George arrived, as promised, with his helper Roger, to begin erecting the studio…and within minutes the first section was upright.
A quick cup of super-fuel (coffee!) and there was no stopping them.
I couldn’t believe how fast my studio was growing!
And before lunch it was looking like a studio!
The previous Wednesday, as I was in the lane walking the dogs, I was accosted by a driver (no vehicle in sight) who was delivering the roof trusses. The suppliers had sent him to us with an artic (semi-trailer) which couldn’t negotiate the final bend in the lane. With promises to return the next day with a rigid truck… we never saw them again! Fortunately, this is a common problem for George, our builder, and he soon had them racing out to us again and the job could proceed.
George worked hard for the rest of the day and by the time he left the empty shell was beginning to look like a building. I’m glad I chose to have an eight feet high ceiling – standing in the shell it didn’t feel at all oppressive.
George offered me a deal. He couldn’t find anyone to hire to help him install the plywood ceiling, so if I’d help, he’d return the favour by helping me with the floor and its insulation. That’s a job I knew would take me far longer without George’s knowledge, so I readily agreed. And, as a bonus, I’m now totally sold on compressed air nail guns! What a machine!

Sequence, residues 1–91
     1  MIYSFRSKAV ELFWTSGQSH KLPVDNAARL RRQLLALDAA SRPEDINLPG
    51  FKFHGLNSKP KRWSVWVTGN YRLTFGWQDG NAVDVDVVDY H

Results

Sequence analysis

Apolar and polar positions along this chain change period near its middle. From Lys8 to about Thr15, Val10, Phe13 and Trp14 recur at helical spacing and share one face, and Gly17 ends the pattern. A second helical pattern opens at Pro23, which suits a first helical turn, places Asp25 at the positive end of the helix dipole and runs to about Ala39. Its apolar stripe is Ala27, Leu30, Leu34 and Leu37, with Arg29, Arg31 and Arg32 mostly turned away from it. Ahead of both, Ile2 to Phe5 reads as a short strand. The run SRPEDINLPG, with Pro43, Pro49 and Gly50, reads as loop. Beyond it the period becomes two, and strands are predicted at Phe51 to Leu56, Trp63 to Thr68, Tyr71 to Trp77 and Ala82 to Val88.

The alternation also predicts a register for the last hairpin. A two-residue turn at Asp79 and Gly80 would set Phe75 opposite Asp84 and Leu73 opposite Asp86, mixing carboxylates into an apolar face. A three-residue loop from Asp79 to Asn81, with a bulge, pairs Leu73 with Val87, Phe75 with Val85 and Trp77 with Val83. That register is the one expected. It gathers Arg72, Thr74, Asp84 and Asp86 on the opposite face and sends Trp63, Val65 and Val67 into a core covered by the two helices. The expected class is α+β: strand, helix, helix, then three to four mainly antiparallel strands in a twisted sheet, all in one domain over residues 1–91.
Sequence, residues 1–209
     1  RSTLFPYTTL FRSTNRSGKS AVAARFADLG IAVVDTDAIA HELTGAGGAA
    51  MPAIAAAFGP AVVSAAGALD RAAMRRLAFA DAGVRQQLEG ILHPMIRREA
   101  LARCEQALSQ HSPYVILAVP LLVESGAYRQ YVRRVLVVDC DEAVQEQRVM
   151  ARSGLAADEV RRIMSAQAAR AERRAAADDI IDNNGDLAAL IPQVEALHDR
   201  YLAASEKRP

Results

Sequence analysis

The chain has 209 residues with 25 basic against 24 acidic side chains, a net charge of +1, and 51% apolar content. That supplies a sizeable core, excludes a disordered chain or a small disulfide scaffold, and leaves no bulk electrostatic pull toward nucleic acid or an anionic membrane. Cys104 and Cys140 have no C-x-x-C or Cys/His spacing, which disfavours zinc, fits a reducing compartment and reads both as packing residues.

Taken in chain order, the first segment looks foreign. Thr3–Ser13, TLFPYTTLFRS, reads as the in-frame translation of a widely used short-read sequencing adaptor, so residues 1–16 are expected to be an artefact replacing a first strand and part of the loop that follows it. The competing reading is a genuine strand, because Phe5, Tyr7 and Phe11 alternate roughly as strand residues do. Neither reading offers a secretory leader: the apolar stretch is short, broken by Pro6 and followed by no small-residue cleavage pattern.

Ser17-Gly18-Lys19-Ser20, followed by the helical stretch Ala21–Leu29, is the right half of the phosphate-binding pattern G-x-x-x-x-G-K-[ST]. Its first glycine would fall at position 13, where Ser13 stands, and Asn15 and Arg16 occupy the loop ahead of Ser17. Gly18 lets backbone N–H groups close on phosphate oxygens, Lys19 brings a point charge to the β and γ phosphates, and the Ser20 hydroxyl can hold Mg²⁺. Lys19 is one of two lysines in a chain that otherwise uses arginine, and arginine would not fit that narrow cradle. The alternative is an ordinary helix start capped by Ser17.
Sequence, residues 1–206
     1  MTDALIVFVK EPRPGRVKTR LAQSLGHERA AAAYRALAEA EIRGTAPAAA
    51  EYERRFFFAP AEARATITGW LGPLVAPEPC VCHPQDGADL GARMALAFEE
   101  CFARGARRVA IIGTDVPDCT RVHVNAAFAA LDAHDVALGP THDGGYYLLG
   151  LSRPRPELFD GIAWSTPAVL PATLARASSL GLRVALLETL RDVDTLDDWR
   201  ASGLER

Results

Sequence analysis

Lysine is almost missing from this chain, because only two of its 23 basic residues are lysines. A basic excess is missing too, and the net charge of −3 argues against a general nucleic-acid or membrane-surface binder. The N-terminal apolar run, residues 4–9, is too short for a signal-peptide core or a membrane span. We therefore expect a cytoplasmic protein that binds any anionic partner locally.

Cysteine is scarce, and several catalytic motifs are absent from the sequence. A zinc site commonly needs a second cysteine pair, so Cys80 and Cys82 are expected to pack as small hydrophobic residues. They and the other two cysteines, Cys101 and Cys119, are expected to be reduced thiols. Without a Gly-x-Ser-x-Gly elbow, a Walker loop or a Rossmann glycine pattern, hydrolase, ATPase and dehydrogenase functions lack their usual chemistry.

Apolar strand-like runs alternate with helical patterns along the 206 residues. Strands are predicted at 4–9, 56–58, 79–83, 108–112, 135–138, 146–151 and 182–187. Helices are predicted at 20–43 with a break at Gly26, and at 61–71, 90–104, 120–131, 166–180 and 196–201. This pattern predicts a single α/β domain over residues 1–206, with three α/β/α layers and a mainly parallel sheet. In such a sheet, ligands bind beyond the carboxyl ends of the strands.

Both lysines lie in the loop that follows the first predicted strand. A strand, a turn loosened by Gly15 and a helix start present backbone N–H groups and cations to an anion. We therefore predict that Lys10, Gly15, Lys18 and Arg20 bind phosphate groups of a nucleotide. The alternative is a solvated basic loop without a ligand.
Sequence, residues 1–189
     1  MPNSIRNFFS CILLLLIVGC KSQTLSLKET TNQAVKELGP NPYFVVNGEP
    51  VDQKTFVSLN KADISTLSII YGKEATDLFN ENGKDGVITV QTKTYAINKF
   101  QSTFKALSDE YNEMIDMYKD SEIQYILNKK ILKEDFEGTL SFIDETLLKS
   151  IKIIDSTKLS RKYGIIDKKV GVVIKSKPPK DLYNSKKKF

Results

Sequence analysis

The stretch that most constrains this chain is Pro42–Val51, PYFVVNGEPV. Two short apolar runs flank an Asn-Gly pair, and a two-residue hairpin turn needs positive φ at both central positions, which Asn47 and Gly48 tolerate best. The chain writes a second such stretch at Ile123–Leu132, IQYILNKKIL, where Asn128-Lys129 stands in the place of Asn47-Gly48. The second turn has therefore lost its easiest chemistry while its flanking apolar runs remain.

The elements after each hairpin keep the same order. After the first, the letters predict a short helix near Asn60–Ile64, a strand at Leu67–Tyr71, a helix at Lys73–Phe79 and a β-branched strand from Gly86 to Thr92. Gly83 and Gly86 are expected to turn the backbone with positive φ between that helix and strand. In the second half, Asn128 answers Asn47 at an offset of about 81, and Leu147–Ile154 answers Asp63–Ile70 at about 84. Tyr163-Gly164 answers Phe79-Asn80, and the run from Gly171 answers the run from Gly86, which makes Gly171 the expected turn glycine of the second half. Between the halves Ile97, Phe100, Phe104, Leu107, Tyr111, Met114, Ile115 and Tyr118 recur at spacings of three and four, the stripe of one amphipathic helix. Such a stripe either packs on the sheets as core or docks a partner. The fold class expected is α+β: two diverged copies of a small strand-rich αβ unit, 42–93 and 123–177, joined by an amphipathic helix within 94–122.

By four o’clock we had half the ceiling completed. The sky looked heavy with rain so, rather than risk a downpour overnight, George worked on into the evening installing the roof insulation and the metal box-profile panels over the completed half.
We have 6″ of Rockwool insulation over the ceiling, 4″ in the walls and, as you will see, 4″ of polystyrene insulation beneath the floor. As wood is itself an excellent insulator, and all potential draughty gaps will be filled with foam, this should be a warm and economical space to heat.
That morning George had the windows and doors delivered and he found time to fit the first two.
Work on the floor began. I had visions of 4″x2″ bearers, packed between with rockwool, and then having to nail down tongue and grooved chipboard. But the expert came up with a far better and faster solution… T&G Chipboard but glued together and laid directly over 4″ of polystyrene insulation. We had the studio area covered in no time at all, and then half of the office and storeroom end, leaving a gap where we could build the dividing wall.
George began work on the partitioning wall and installed it.
This wall divides the studio from the office and storage/shipping rooms. George was going to build the partition between those two rooms and complete the flooring today… but he was urgently called away to another job and promised to return later this afternoon…
…but he’s not back here yet and that’s as far as we’ve got right up to date. It’s been an eventful but very rewarding week!